Every generation seems to have their own versions of popular superheroes. Some people associate George Reeves with the iconic all-American role of Superman. I will always think of Christopher Reeve as the man of steel, whereas others may think longingly of Dean Cain or Tom Welling. (I don't think anyone gets misty-eyed over Brandon Routh.)
Because pop culture seems to have shorter and shorter memories (but bigger and bigger box office takes for superheroes), we now get another re-imagining, this time starring Henry Cavill. Now, I loved Henry in The Tudors—so handsome and tortured as Charles Brandon, aka the only nice person in the whole series. He seemed like a good choice to step into the blue and red tights. Then for director, why not Zack Snyder, who knows how to occasionally made a good movie (Watchmen), and for sure a good-looking movie (300)? But there is something kind of silly when a filmmaker takes source material of a comic book so... seriously. Man of Steel is very earnest—with swelling, trumpety, triumphant music and god-rays—that it sucks all the fun out of Superman.
I guess re-imagining Krypton (which will always be stuck in my mind as being an icy, pointy, crystal palace) would be a fun task for anyone with an imagination. However, I never imagined Krypton as an outcast set combining Spock's volcanic Vulcan with a bit of Avatar and a lot of How to Train Your Dragon thrown in. Oh, and everyone communicates through the same silvery, floating walkie-talkies that look a lot like talking vaginas (whaaaaaat?). Krypton also shows us that the classic Superman onesie also works as a kind of sexy wetsuit, as shown by Russell Crowe, aka Jor-El, Supe's dad.
We all know the mythology of Superman. Baby Kal-El is jettisoned from his dying planet to Earth, where he is raised by the corn-fed Kents (Kevin Costner and Diane Lane). He grows up trying to hide his powers, but once he discovers his talents can be used for good, he dons tights and a cape, and sets out to be a superhero for humanity.
The first half (sans Krypton weirdness) of Man of Steel works the best, where Clark is a loner in Alaska (early on we are rewarded with a shirtless scene) up until when he first starts playing with his talents after the discovery of the mothership under the ice in Antarctica. Flashbacks to him as a lonely child are sad, moving, and magical... and dagnabbit if Keven Costner didn't make me cry! But when angry General Zod (Michael Shannon) shows up, the film goes on auto-pilot, blinding us with special effects instead of emotional involvement. And oh, yeah, there is Lois Lane (Amy Adams) who plays a plucky investigator, aka instant love interest since she is cute and Clark is hot. Alas, Cute + Hot do not necessarily equal chemistry.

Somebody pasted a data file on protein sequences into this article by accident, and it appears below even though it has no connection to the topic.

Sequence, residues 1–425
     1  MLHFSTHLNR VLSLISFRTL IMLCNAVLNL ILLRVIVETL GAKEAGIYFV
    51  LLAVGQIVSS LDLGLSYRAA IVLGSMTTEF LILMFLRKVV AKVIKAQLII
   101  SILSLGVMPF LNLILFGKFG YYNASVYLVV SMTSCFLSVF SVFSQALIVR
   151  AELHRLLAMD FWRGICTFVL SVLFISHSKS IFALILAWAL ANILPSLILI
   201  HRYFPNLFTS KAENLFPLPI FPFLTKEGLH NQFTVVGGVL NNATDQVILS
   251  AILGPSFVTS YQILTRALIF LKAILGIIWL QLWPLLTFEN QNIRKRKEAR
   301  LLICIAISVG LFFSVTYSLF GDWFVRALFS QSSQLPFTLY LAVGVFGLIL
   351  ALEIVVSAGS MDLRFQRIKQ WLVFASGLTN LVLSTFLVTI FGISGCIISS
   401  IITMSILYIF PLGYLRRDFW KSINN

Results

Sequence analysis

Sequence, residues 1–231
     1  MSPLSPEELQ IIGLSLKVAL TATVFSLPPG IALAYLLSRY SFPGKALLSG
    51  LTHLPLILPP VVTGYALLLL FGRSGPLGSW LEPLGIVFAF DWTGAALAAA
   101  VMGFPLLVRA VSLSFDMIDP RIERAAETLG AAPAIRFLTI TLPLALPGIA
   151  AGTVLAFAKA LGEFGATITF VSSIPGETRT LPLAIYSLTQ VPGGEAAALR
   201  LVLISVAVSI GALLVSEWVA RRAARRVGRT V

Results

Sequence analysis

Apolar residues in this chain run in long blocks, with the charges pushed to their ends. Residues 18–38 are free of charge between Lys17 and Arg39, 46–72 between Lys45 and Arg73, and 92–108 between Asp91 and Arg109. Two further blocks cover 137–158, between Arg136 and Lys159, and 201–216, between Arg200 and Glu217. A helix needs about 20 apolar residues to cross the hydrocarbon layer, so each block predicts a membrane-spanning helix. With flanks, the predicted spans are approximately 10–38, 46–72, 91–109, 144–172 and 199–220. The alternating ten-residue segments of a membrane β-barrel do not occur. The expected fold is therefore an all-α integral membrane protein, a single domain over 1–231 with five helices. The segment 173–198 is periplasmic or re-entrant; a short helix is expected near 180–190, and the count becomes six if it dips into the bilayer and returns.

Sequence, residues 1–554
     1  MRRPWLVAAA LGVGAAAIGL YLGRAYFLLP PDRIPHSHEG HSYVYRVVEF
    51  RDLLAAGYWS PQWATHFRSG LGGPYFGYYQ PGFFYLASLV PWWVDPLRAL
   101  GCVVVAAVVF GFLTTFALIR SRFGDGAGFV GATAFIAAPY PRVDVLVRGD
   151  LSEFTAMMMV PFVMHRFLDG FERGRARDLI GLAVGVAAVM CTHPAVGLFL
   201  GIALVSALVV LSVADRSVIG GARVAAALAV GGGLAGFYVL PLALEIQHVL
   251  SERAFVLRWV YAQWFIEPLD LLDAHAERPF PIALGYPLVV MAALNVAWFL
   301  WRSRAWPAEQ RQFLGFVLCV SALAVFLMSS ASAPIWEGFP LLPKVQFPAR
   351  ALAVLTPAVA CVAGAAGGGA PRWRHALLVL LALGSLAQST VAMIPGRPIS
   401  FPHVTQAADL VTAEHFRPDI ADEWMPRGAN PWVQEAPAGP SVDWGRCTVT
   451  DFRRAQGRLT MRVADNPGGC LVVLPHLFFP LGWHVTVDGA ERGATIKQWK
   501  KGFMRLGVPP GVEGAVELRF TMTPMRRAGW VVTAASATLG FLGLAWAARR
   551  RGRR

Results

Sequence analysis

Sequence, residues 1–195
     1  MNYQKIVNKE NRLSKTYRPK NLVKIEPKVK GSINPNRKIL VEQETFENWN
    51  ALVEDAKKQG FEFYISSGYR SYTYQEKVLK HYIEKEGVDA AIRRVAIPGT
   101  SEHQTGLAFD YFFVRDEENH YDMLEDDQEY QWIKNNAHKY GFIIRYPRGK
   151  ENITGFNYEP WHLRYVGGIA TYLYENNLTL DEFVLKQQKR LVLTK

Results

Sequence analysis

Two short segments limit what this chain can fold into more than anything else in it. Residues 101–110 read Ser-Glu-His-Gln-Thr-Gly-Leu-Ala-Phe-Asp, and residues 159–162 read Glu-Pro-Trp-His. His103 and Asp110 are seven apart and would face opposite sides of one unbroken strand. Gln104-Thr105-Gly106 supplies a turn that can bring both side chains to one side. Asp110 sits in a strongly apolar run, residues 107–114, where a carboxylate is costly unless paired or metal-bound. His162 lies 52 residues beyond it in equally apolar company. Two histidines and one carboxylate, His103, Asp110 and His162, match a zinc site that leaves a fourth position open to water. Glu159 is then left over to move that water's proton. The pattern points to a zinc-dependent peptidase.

Some of the special effects are indeed impressive. General Zod sets up some huge magnets over Metropolis because of his bad intentions (not worth going into), that would test the sound on anyone's home theater. These magnets are so powerful, that they make a sort of "waahhhhh... BOOM!" sound as they suck up everything metal on the ground (think: cars) in order to drop them unceremoniously over and over. Cool. But as Metropolis is being attacked, it becomes weirdly distracting that the only people in town in peril seem to be Lois Lane's Daily Planet co-workers (including Lawrence Fishburne) hiding behind some wreckage. Where is everybody? In the meantime, Superman battles Zod seemingly forever, as the filmmakers go wayyyy over the top, showing how two men of steel can rip up concrete, glass, and other architectural adornments just by hurling each other around. Long before then, I didn't give a hoot. It is not a good sign when the last half or so of a movie has you looking at your watch.
There is plenty of opportunity to hear Zack Snyder and others wax poetic about their glorious interpretation of the American icon. There is some history of the character of Superman (which is much better explored in PBS series Superheroes: A Never-ending Battle), plus a look at the brutal physical training of the actors, a featurette about the destruction of Vulcan... I mean Krypton sequence, and a short bit celebrating Superman's 75th anniversary. Much of the bonus content is actually part of the second disc where it is integrated with another copy of the film itself, if you are really that into it. Plus there is a History Channel piece about what if Planet Krypton was real, and finally an extended ad for The Hobbit (huh?) and New Zealand.